Kokoro (Spirit) of Okinawa (Ryukyu)
Mr. Kazuo Tatsuo, an editor of Asahi
Shimbun newspaper, has an essay titled "Ryukyu Islands." In this
essay, he states:
I had a chance to ask Mr. Shuncho Hiki,
an excellent historian from Okinawa, what is the Kokoro or spirit of
Okinawa (Ryukyu). Mr. Hiki responded that it was guchoku, or
being simple and pure. Mr. Hiki further explained that Okinawans are
simple and pure but have deep inner strength. Because of this, they have
difficulty in changing or adapting to circumstances. Mr. Hiki added "I
have lived for over 90 years. I have not been good at adapting to
circumstances, because of which I have incurred losses. However, I feel
this is acceptable for me."
In Okinawa, there is a saying, "your
mind does not get disturbed by being beaten up, but by (you) beating up
others." Simply speaking, it means that Okinawans prefer or accept the
life style of being tricked and being taken advantage of, rather than
hurting other people or asserting tricks on them. This saying expresses
the typical Okinawan spirit of being simple and pure. The idea of being
simple is not the thought of those controlling or governing other people;
or those who cunningly adapt to circumstances to be controlled; or of
subjects just giving into the fate of being governed.
I believe the kokoro or spirit of
Okinawa is one which shows an extreme non-resisting resistance action,
beyond our imagination, when someone is cornered and/or when standing up
What was brought about from banning
Shoshin-O was enthroned at the age of
thirteen. He, a believer of Buddhism, had many temples built in various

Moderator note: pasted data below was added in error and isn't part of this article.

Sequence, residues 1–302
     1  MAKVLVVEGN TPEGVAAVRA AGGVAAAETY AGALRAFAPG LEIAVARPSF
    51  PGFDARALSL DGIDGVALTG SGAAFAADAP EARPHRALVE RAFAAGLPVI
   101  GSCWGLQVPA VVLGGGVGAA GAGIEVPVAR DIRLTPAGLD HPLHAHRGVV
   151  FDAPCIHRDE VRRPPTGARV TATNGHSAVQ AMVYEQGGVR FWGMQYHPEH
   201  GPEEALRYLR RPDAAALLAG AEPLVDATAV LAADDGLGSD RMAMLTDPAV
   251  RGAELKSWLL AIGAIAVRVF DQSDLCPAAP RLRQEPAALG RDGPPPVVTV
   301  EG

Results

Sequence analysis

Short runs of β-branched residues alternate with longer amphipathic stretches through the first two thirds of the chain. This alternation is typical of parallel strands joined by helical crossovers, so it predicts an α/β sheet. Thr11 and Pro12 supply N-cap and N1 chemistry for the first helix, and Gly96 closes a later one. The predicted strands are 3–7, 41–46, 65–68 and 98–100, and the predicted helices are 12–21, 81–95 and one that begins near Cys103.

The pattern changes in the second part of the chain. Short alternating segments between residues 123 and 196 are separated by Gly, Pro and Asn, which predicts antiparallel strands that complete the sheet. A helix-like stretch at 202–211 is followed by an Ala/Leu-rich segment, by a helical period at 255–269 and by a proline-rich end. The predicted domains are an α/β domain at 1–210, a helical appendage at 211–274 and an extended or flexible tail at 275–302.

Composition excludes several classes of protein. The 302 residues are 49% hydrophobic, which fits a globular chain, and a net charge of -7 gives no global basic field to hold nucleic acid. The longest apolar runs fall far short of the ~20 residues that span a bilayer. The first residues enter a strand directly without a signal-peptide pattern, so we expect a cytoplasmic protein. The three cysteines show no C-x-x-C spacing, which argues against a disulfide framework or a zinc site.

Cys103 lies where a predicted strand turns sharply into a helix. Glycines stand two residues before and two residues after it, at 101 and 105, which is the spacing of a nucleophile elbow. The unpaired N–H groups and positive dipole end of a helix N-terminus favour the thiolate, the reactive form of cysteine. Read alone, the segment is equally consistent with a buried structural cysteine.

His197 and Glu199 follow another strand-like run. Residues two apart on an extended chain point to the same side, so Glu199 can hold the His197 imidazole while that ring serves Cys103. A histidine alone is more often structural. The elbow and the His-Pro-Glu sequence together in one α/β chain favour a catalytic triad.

areas. He stripped the local lords of weapons such as swords and spears
and had them put away in warehouses inside Shuri Castle. He then declared
that weapons should be used only to defend the nation and forbade the
people from using any weapons for personal struggles. Moreover, he
relocated the local lords to Shuri Castle and had them appointed as
representatives to govern their territory. This was the way Shoshin-O
eliminated the possibilities of fighting and stripped the lords of any
means of revolting.
Chusan Kingdom, thanks to wisdom of
Shoshin-O, could enjoy peaceful years until the invasion of Satsuma in
1609. It was a well known story that Napoleon could not help exclaiming
"What? How could such peaceful islands exist in this world without any
weapons!" when he was informed of Ryukyu Islands by a visiting British
It is ironic that the people of this
peaceful island, not having any weapons, were put under a hellish misery
by the ruling Satsuma. Ryukyu people, under the tyrannical governance of
Satsuma, bearing the mind-set of being simple and pure, eventually
expressed an extreme action of rejection, and created te (karate),
and various other splendid cultural arts through the spirit of
non-resisting resistance. History indicates that people of Ryukyu have